If the calcified lesion does not respond to vessel preparation, then the length of the lesion plays an even more important role. More focal, eccentric lesions can be prepped with atherectomy (mostly with directional atherectomy systems such as the HawkOne [Medtronic]) to obtain the most essential luminal gain. An additional Supera implantation in a nominal way can be performed afterward to improve durability over the longer term. More diffuse and longer lesions are more difficult to tackle with atherectomy, especially to achieve the same luminal gain over the full length of the lesion. One possible alternative may be the “pave and crack” technique, which is implantation of a Viabahn stent graft (Gore & Associates) to “pave” the lesion with the intention of protecting it from vessel rupture.14 Then, a very aggressive predilation is performed until the calcified plaque (and the vessel wall) cracks before lining the entire lesion with a Supera stent in the Viabahn stent graft. However, more experience and research are needed to determine the value and durability of this technique. The same can be stated about newer vessel preparation tools such as lithotripsy (Shockwave Medical, Inc.).
Of course, a safe and durable (venous) bypass remains a great option for severely and extended calcified lesions that do not respond to vessel preparation, although the focus of this article is on interventional options.
IS THERE A HIGH RISK OF RESTENOSIS?
If the lesion is not particularly calcified, another question arises concerning whether there is a higher risk for restenosis. As previously investigated and described,15-18 there are patient- and lesion-specific criteria related to a higher risk of restenosis (Table 1). If one or more of these criteria are present, the use of drug-eluting technology is currently considered by most to be the best option. Accepting the potential risk of using paclitaxel devices is justified by having the outstanding efficacy benefit for patients at high risk for restenosis and repeat intervention (as is also stated in the FDA communication and other recommendations).
Again, aside from the essential goal of obtaining luminal gain and vessel remodeling, vessel preparation will be the determining factor for the next step in definitive treatment. If the lesion responds to angioplasty, continuing treatment with a drug-coated balloon (DCB) seems to be the ideal option due to the efficient and durable results.19-27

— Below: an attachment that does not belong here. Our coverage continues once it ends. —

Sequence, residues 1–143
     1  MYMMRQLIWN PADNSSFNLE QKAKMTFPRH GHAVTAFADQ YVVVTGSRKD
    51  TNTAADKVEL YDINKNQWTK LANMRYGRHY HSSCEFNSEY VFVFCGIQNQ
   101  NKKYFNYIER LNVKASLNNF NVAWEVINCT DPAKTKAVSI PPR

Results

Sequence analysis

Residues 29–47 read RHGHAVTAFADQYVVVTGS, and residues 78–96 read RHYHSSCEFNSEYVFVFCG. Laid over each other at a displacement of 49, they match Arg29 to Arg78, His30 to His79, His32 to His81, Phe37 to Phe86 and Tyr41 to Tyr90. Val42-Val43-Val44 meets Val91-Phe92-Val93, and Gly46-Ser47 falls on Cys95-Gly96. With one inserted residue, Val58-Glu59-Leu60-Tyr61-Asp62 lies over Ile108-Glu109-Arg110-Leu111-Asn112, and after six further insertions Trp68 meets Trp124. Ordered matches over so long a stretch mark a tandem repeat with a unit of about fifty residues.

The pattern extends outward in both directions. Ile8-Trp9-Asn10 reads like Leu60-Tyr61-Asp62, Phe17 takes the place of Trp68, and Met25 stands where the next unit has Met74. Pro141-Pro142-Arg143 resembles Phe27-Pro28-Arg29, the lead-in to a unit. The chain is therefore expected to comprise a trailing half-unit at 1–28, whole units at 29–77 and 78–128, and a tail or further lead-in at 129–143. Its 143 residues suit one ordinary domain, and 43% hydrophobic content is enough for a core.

When the lesion is at higher risk for restenosis and displays a flow-limiting dissection or recoil > 50% immediately after vessel preparation with plain old balloon angioplasty, the lesion is categorized as an “angioplasty nonresponder” and treatment with a stent system is warranted. Drug-eluting stents (DESs) offer a solution in this setting. Currently, two DESs are available: Zilver PTX (Cook Medical) and Eluvia (Boston Scientific Corporation), each with good longer-term clinical data available.28-30
If the lesion (or patient) is not considered to be at high risk for restenosis, a bare-metal scaffold should be used rather than plain old balloon angioplasty alone. Nowadays, a modern generation of nitinol stents are available. Longer stent lengths, greater flexibility, low to moderate chronic outward force, sufficient radial resistive force, and high crush resistance have created significantly improved patency and target vessel revascularization rates for short- and medium-length lesions (up to 15 cm). Characteristics such as stent design, strut thickness and width, stent material (spring constant), as well as the amount of oversizing with respect to the vessel diameter are important determinants in selecting the right device for the right indication.31-33
Based on current FDA and European recommendations concerning the use of drug-eluting technologies, treatment algorithms can be adapted in a pragmatic way. The clear answers on two main questions and one repetitive subquestion steer the interventionalist through his or her own algorithm (Figure 1 reflects the author’s current algorithm). Determining calcium severity, risk for restenosis, and response to vessel preparation will lead to the answers regarding definitive treatment selection. A good angioplasty response to a severely calcified superficial femoral artery lesion can be followed with the use of the Supera stent. Focal, nonresponding, severely calcified lesions need to be prepped with other tools such as (directional) atherectomy, followed by Supera implantation. Diffuse, extended, calcified lesions may warrant a “pave and crack” approach or bypass treatment.
If the patient/lesion is at high risk for restenosis and recurrent reinterventions, benefits of drug-eluting technologies should be weighed against the inconclusive and unexplained potential risk of mortality. DCBs should be used in lesions that respond to angioplasty, whereas DESs should be used in angioplasty-nonresponding pathology. If the risk for restenosis is low, a modern-generation nitinol stent with the right properties remains a durable solution when implanted correctly in appropriate candidates.